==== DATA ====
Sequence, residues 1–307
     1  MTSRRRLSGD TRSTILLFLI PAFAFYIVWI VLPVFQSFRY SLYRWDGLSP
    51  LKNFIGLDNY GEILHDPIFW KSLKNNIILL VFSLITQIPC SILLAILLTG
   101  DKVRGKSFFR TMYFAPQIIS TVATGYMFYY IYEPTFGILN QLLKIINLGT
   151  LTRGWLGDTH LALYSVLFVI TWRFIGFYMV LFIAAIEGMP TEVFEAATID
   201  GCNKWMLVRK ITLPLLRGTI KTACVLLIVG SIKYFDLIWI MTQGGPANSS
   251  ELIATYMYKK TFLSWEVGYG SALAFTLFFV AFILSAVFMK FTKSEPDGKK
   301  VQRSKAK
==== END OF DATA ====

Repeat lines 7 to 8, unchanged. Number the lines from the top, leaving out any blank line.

   251  ELIATYMYKK TFLSWEVGYG SALAFTLFFV AFILSAVFMK FTKSEPDGKK
   301  VQRSKAK